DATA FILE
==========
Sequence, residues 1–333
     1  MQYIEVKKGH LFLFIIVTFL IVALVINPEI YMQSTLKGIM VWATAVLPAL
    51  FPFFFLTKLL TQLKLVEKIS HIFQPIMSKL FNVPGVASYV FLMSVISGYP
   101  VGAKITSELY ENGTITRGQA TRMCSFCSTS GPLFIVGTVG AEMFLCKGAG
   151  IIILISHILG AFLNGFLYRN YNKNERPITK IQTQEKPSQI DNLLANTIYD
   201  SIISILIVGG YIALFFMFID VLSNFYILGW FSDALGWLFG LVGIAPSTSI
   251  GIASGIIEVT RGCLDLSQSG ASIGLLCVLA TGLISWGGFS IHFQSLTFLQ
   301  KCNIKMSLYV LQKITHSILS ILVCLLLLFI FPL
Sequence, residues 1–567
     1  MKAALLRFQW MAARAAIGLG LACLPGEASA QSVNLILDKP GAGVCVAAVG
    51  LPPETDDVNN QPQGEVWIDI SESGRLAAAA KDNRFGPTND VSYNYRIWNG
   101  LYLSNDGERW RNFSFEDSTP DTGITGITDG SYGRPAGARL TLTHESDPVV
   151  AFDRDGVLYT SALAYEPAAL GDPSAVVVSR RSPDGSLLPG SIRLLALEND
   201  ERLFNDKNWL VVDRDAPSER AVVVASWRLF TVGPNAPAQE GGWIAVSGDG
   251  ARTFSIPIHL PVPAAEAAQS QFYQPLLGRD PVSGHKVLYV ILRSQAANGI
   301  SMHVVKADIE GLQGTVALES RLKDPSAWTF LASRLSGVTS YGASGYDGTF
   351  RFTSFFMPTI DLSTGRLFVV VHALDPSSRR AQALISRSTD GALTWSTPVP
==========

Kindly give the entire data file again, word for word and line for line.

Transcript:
Sequence, residues 1–333
     1  MQYIEVKKGH LFLFIIVTFL IVALVINPEI YMQSTLKGIM VWATAVLPAL
    51  FPFFFLTKLL TQLKLVEKIS HIFQPIMSKL FNVPGVASYV FLMSVISGYP
   101  VGAKITSELY ENGTITRGQA TRMCSFCSTS GPLFIVGTVG AEMFLCKGAG
   151  IIILISHILG AFLNGFLYRN YNKNERPITK IQTQEKPSQI DNLLANTIYD
   201  SIISILIVGG YIALFFMFID VLSNFYILGW FSDALGWLFG LVGIAPSTSI
   251  GIASGIIEVT RGCLDLSQSG ASIGLLCVLA TGLISWGGFS IHFQSLTFLQ
   301  KCNIKMSLYV LQKITHSILS ILVCLLLLFI FPL
Sequence, residues 1–567
     1  MKAALLRFQW MAARAAIGLG LACLPGEASA QSVNLILDKP GAGVCVAAVG
    51  LPPETDDVNN QPQGEVWIDI SESGRLAAAA KDNRFGPTND VSYNYRIWNG
   101  LYLSNDGERW RNFSFEDSTP DTGITGITDG SYGRPAGARL TLTHESDPVV
   151  AFDRDGVLYT SALAYEPAAL GDPSAVVVSR RSPDGSLLPG SIRLLALEND
   201  ERLFNDKNWL VVDRDAPSER AVVVASWRLF TVGPNAPAQE GGWIAVSGDG
   251  ARTFSIPIHL PVPAAEAAQS QFYQPLLGRD PVSGHKVLYV ILRSQAANGI
   301  SMHVVKADIE GLQGTVALES RLKDPSAWTF LASRLSGVTS YGASGYDGTF
   351  RFTSFFMPTI DLSTGRLFVV VHALDPSSRR AQALISRSTD GALTWSTPVP